Teen Killed by Cops Had Brush, Not Gun

Hiding hairbrush, teen screams "I've got a gun and I'm gonna shoot you."

February 19, 2009, 2:51 AM

Nov. 13, 2007 — -- A Brooklyn, N.Y., teenager apparently armed only with a hairbrush who died in a hail of 20 police bullets Monday night is heard screaming "I got a gun and I'm gonna shoot you," on a 911 recording released this afternoon by the New York Police Department.

Khiel Coppin repeatedly threatened to "do something bad" and was talking about suicide yesterday morning, prompting his mother to call an interfaith crisis center for assistance, according to a press conference by NYPD commissioner Ray Kelly. He added that Coppin had previously been hospitalized at Kings County Hospital psychiatric ward and was taking anti-psychotic drugs.

When crisis center workers arrived at the apartment in a public housing project in Brooklyn's Bedford-Stuyvesant neighborhood, the 18-year-old African-American man had already left, said Kelly. When Coppin returned to the apartment, he refused his mother's requests to leave, picked up a tape dispenser, put it under his shirt and said he was "prepared to die," according to the commissioner.

That prompted his mother, Denise Owens, to call 911 on which a young man can be heard shouting "I got a f----- gun."

According to Kelly's account, police officers arrived at the apartment to find Coppin in the front hallway holding a knife in each hand, while his mother and her 11-year-old daughter stood nearby. He told officers that he was armed with a gun, lunging towards them and saying, "Shoot me, kill me!," says Kelly.

Coppin then moved to a bedroom at the back of the apartment, every once in a while revealing himself and holding something under his sweatshirt and yelling, "Come get me. I have a gun. Let's do this!," according to Kelly.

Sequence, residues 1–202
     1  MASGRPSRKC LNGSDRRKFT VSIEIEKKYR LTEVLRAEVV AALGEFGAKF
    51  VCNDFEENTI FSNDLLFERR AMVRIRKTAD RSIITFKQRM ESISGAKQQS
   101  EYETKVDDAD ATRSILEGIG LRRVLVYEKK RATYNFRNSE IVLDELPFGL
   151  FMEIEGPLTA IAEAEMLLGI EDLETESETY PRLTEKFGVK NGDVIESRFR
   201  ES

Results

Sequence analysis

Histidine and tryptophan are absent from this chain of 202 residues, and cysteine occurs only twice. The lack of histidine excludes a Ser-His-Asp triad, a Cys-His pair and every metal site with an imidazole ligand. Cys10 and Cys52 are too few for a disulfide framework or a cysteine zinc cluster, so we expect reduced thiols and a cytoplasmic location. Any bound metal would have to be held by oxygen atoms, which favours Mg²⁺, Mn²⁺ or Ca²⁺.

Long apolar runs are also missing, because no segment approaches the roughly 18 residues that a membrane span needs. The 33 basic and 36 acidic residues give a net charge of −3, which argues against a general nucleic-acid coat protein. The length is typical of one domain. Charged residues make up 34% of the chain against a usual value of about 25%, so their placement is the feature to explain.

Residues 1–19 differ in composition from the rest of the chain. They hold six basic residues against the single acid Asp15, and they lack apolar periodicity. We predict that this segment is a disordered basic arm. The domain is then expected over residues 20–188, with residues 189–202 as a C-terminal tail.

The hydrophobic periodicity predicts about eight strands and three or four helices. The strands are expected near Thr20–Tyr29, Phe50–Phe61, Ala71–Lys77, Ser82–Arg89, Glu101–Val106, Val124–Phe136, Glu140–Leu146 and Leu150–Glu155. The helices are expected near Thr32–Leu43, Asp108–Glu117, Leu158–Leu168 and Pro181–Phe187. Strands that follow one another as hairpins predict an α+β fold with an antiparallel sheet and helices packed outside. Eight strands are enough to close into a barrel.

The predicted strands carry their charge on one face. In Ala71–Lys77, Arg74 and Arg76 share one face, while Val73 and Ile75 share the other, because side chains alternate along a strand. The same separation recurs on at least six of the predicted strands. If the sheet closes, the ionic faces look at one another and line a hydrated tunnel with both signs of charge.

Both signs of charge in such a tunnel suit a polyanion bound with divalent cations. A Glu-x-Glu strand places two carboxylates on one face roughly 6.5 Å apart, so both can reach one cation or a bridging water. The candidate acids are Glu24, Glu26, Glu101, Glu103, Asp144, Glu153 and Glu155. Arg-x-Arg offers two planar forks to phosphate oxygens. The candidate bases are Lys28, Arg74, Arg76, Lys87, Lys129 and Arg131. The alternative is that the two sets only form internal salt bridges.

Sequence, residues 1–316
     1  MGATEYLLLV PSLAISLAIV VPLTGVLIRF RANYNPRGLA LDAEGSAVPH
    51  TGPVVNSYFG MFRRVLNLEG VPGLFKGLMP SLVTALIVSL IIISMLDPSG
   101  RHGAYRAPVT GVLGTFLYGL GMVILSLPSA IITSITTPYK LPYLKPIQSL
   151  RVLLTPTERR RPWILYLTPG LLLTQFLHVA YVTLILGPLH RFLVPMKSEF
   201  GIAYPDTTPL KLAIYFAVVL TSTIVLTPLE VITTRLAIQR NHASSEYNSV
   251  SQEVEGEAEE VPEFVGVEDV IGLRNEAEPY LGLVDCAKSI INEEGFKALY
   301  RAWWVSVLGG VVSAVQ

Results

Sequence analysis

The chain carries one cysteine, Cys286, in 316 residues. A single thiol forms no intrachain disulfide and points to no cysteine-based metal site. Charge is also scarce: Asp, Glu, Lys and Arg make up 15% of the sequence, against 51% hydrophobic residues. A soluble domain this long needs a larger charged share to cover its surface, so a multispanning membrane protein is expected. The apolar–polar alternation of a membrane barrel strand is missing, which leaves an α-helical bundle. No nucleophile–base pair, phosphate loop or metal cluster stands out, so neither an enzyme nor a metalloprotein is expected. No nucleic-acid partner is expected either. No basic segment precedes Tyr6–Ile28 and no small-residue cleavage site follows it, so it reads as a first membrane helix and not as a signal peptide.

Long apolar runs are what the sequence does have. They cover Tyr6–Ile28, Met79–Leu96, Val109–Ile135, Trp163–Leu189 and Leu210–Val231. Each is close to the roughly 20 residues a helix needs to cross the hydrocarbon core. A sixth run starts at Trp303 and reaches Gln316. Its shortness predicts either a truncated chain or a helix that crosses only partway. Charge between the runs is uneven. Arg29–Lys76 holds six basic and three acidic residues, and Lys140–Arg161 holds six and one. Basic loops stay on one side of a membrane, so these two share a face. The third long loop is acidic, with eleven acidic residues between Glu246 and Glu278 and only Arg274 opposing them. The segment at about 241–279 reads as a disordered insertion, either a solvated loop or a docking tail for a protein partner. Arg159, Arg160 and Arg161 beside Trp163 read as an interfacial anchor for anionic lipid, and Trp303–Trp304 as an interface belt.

A few minutes later, Coppin jumped out the first-floor window and confronted police officers at the front of the building, says Kelly. When he "ignored multiple directives to show his hands," and reached under his sweatshirt and pulled out an object in the darkness of the evening, officers crouching behind parked cars fired on him.

Coppin was hit in the torso and lower leg eight times by two Hispanic and three white officers who fired 20 shots. Under his lifeless body, officers found the hairbrush he had been wielding.

Kelly called the shooting a "terrible tragedy," adding that his condolences went out to Coppin's mother and family.

The press conference was the NYPD's first decisive move to distinguish this incident from previous, controversial New York police shootings that divided the city and brought a firestorm of criticism from a number of different directions, most of which characterized city cops as trigger-happy and motivated by race.

In November 2006, an unarmed man named Sean Bell was killed after police fired 50 bullets at his car on what turned out to be his wedding day. In 1999, an unarmed African immigrant named Amadou Diallo was killed when police fired 41 shots at him. Diallo had been pulling a wallet, not a gun, out of his pocket.

The Diallo shooting prompted Bruce Springsteen to pen a song called "American Skin (41 Shots)." Though Springsteen's song was not directly critical of the police, tensions were so high in New York City when the rock icon debuted the song there at Madison Square Garden the next summer, the city's largest police union boycotted the concerts and Springsteen's music.

At a press conference held by Al Sharpton's National Action Network and Coppin's family at 4 p.m., a representative for the family disputed the police version of events, asking the public to wait for a fuller account of the incident.

"There is no credible evidence at this time that this was a suicide," the representative said when asked whether Coppin was seeking a suicide-by-cop.

"At some point in his life, he's had some mental distress but whether that affected his judgment, that remains to be seen."

Coppin had previously been incarcerated as a youthful offender and diagnosed with psychiatric problems, a source said, based on the review of a summary of a youthful offender report. To date, however, there is no indication that he had been treated since his release.

At least one neighbor reportedly challenged the police version of events. "I saw him put his hands out of the window, and then he got on top of the windowsill and sat down and jumped onto the street with his hands up and the brush in his hands," Andre Sanchez, 17, told the New York Post. "And that's when they shot him."

WABC-TV's Mark Crudele contributed to this report.

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